Binding sites on native and multimeric vitronectin exhibit similar affinity for heparin: The influence of self-association and multivalence on ligand binding
A previously accepted model for the morphoregulatory activity of vitronectin is based on the idea that the heparin-binding site is buried within the circulating, monomeric form of vitronectin and that it is exposed on conversion to the multimeric form by denaturation or incorporation into the extracellular matrix. New evidence indicates that the heparin-binding sites are similarly exposed in the two forms of vitronectin and supports an alternative model for apparently altered heparin affinity. Differences in the heparin-binding properties of circulating and matrix-associated vitronectin result from an increased number of binding sites on the multivalent matrix from By analogy with other instances in which multivalent binding interactions increase functional affinity for carbohydrates or lectins, the self-association of vitronectin into a multimeric form allows effective neutralization of heparin at the endothelial surface in the vicinity of a thrombus.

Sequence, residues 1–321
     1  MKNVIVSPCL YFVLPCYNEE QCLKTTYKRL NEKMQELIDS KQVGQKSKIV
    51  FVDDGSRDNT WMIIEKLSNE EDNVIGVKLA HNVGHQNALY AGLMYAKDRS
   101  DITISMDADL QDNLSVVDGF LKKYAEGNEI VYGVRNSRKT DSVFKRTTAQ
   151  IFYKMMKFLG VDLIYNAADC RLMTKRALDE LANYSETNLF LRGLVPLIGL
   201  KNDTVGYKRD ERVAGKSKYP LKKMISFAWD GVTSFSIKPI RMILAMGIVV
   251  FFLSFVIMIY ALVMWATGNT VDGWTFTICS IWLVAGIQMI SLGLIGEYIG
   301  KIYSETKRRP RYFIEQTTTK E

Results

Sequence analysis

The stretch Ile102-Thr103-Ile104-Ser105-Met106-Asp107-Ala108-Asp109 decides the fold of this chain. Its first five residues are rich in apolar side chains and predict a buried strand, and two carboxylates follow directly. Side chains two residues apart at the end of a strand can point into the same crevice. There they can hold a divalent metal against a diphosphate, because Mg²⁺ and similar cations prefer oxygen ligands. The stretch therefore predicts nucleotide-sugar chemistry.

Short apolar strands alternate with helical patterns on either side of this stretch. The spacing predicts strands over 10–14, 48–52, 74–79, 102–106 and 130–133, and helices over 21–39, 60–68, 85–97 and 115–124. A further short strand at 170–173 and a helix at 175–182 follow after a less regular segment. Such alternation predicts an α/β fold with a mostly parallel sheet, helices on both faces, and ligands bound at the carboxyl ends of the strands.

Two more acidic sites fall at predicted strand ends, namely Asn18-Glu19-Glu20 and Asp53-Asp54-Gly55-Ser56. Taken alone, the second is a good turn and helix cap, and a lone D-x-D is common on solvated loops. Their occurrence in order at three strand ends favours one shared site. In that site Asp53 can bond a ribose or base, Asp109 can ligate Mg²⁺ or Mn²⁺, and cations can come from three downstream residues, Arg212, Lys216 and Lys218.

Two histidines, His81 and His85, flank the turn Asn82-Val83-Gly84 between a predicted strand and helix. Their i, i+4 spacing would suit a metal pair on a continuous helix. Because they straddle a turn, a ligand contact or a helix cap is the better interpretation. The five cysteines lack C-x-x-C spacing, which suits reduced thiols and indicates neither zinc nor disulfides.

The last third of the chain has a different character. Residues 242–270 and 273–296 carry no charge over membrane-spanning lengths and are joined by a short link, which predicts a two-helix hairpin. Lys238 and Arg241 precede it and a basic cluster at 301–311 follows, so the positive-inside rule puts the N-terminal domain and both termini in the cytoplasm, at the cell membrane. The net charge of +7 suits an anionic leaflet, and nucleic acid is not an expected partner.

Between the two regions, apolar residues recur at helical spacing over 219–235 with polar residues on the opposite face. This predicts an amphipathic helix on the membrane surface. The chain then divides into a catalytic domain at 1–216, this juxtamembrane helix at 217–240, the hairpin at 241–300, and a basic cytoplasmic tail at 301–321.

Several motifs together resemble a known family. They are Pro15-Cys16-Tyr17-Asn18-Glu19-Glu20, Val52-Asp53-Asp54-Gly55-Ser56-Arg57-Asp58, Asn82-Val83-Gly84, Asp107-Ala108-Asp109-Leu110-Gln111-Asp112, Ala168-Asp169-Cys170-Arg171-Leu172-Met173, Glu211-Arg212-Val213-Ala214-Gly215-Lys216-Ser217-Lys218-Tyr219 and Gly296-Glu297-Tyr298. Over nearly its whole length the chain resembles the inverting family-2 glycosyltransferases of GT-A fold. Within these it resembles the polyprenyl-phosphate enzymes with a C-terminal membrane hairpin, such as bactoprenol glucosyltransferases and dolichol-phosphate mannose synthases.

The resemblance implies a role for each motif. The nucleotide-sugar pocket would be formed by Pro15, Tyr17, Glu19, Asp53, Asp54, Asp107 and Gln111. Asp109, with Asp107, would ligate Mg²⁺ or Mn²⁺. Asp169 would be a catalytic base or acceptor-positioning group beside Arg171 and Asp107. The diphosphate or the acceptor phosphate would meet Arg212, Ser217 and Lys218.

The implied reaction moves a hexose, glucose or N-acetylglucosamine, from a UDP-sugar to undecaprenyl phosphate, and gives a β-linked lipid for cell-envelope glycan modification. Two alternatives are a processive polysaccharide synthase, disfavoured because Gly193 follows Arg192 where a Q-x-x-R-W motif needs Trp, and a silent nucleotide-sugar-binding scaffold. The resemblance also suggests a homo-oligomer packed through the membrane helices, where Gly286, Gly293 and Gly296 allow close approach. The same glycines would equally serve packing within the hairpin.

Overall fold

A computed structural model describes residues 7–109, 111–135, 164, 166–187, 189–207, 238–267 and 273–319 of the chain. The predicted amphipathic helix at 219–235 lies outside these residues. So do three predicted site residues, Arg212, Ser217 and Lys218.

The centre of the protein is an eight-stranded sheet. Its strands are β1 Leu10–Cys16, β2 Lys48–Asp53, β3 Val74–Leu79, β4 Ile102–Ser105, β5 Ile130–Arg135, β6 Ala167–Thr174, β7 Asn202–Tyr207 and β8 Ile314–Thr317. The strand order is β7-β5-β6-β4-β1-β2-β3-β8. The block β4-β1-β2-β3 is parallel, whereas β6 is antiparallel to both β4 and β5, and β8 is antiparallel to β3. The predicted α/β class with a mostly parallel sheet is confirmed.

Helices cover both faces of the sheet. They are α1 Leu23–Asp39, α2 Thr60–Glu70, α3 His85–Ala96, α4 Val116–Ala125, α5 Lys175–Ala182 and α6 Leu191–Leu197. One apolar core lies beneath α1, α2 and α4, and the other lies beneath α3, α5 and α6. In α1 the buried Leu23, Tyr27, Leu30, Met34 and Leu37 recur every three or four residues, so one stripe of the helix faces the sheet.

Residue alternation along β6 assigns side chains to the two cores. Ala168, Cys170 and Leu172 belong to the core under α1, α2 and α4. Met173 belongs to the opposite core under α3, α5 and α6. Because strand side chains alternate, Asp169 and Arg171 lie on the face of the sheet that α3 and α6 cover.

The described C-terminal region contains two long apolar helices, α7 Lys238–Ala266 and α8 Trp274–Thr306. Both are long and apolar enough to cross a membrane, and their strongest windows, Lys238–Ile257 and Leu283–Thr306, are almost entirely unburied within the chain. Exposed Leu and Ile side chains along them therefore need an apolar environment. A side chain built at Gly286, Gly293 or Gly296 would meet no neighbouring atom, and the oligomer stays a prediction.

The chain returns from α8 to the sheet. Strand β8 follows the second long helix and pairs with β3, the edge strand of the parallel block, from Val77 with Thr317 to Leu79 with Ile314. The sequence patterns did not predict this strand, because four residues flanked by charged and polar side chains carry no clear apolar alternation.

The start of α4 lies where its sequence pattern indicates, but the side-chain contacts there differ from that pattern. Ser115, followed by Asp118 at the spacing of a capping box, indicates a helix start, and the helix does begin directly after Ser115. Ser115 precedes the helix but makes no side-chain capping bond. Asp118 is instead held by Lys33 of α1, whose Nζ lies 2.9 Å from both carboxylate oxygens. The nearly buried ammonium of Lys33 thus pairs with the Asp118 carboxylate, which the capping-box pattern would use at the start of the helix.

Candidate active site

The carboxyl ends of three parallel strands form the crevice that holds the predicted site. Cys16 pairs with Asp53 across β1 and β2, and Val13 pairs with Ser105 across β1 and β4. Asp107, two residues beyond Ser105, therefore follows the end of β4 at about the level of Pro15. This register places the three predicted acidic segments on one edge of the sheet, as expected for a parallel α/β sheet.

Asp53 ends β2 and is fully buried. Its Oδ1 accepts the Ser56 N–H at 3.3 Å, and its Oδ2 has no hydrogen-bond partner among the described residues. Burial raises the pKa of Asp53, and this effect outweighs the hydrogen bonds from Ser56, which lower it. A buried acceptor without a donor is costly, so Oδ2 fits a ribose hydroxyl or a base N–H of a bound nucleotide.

Publication Source (Journal or Book title)
Trends in Cardiovascular Medicine
Peterson, C. (1998). Binding sites on native and multimeric vitronectin exhibit similar affinity for heparin: The influence of self-association and multivalence on ligand binding. Trends in Cardiovascular Medicine, 8 (3), 124-131. https://doi.org/10.1016/S1050-1738(97)00136-9